Arrows & Traps – The Story So Far

Over the last five years, thirteen-time Offie-nominated Arrows & Traps have become a regular fixture both on the London fringe scene and on this blog. And the good news is they’re not going anywhere; the future looks bright as they prepare to launch their Renegade season with a new comedy, One Giant Leap, opening next month at the Brockley Jack, followed later this year by a national tour of The Strange Case of Jekyll & Hyde.

The tour marks a new chapter for the company, and there’s a lot to talk about – but first, here’s what Arrows Artistic Director Ross McGregor had to say about where it all began…

Photo credit: Arrows & Traps

What was your vision when you established Arrows and Traps and how has that evolved over the years?

Originally, back in 2014, I was contacted by Simon James Collier, a writer/producer/director who was then based at the Lion & Unicorn Theatre, to produce a season of six Shakespeare shows over two years. Unfortunately we only got to perform two of these – Much Ado About Nothing and The Winter’s Tale – before there was a management change at the L&U, which left me with a half-finished set of ideas and four more plays that I was expecting to do, but then suddenly wasn’t. So rather than give up and go back to my day job with a sour taste in my mouth, I decided to take the rest of the season on as an independent venture. Thus Arrows & Traps was born, and this is also why in the first two years our focus was on Shakespeare – as we went on to do Taming of the Shrew, Macbeth, Twelfth Night and Othello, which completed the set I had planned, and then opened the door to that big question: “What next?”

Right from the beginning of the venture, even before Much Ado, even before we were called “Arrows & Traps”, I knew I wanted to work with Will Pinchin, our resident movement director, as we’d worked together before and I really appreciate what he brings to the room, and how devoted he is to taking my big ideas and making them a reality. One particular moment always sticks with me, that during the tech for Winter’s Tale, I brought in some fabric and some sticks and told him “Right so yeah, we need to build an airship” – and in six hours’ time Will had made one! This is such an over-used phrase in this industry, but Will is genuinely the kindest, most generous person I’ve ever met, and it’s been an honour to have him work with me on so many shows – and it’s such a privilege to have him now acting on stage in our current season of shows, after his Offie-nominated turn as the Creature in Frankenstein, and playing Hans Scholl in The White Rose.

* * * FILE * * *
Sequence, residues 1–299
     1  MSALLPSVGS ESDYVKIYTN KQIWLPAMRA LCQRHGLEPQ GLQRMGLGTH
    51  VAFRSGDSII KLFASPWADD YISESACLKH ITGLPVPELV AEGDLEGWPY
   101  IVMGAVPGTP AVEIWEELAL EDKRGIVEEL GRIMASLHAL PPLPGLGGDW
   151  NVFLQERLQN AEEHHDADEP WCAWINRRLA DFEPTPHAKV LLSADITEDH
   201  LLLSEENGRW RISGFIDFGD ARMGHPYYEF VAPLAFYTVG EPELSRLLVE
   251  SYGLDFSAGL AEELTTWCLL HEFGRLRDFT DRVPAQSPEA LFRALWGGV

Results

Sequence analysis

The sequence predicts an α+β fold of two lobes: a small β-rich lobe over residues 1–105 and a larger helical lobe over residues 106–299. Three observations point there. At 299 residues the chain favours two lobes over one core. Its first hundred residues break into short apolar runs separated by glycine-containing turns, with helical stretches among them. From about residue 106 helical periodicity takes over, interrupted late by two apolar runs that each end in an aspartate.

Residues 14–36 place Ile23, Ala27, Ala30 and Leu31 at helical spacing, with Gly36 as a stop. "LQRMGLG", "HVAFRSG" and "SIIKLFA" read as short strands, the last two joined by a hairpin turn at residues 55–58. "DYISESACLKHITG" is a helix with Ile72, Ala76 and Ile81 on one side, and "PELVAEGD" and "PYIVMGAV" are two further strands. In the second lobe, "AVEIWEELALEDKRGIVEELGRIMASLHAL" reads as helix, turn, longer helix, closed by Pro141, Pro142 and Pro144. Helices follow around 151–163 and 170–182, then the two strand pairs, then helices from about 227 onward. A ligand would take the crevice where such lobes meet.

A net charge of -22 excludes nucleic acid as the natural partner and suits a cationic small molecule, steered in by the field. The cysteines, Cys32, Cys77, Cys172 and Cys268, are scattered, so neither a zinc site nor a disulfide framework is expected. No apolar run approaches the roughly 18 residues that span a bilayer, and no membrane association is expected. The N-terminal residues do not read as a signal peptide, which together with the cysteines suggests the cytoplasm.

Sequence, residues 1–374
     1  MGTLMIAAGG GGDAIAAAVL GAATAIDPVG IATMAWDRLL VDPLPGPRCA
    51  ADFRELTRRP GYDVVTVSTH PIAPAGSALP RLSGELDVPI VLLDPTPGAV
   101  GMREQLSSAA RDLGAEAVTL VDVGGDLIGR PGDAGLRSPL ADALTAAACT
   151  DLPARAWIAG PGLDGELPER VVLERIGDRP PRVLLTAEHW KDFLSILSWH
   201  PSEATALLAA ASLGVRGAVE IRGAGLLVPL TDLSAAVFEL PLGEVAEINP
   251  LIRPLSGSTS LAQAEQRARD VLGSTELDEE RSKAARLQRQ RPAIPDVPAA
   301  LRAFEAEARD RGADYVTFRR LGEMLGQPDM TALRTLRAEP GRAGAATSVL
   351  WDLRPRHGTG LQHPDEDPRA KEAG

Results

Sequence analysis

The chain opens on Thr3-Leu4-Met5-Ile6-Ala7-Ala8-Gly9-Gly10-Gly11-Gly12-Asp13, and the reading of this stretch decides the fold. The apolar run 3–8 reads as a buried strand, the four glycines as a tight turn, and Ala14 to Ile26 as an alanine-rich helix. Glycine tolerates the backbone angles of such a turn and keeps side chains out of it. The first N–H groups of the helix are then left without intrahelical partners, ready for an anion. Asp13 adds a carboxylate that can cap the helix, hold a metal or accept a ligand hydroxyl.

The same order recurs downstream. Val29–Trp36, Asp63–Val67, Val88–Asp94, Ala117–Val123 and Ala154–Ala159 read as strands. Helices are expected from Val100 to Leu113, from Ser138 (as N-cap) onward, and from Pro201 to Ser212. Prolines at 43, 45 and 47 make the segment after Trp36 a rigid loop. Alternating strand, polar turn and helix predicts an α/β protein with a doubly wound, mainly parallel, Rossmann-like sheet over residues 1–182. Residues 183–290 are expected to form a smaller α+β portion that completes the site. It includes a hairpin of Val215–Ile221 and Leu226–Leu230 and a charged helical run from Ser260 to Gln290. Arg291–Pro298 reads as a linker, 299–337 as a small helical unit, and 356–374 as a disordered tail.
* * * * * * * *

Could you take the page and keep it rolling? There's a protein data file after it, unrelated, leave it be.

As well as moving away from Shakespeare (for now), we’ve taken on more literary adaptation work, with Frankenstein, Dracula, Crime & Punishment and Anna Karenina – and started to make a series of historical new writing that has been female-led in terms of narratives, about the lives of Sophie Scholl, Anne Lister, and Gerda Taro. It is with these two strains in mind that we move into our new Renegade season.

As the various phases of company cast configurations have come and gone, we now have a full creative team in place that work on each show, and last year we were appointed as the official associate company of the Brockley Jack Theatre, which was a great honour. In terms of the dynamic and company ethos and staging approach, I think our style has remained constant throughout, although perhaps we’ve consolidated it over the years, and since 2017 I’ve been the lead writer for all productions, which has helped us to zone in on precisely what kind of theatre we want to make, what kind of stories we want to tell.

Frankenstein, 2017. Photo credit: Davor Tovarlaza @ The Ocular Creative

If you could do it all again would you do anything differently?

I’d think twice before working with a certain well-known theatre corporation again, that’s for certain. I’m sure they’re very good with their large spaces but with their studios, they’re all about the hire fees, and not at all about supporting or caring for the shows that they get into their spaces. On the other side of the spectrum, the Brockley Jack is run by Kate Bannister and Karl Swinyard, two creatives who care greatly about every show that’s on at the Jack, they go out of the way to help you and make you feel welcome. Having been at the Jack now since 2016, I can safely say they put some other venue managers to shame, they’re incredibly skilled at their jobs, know their audience and their space, there’s nothing they wouldn’t do for you, so we’re really happy there and feel like it’s a theatrical home for us. But that kind of relationship we have with them is rare, and we certainly kissed a few frogs before that, venue-wise.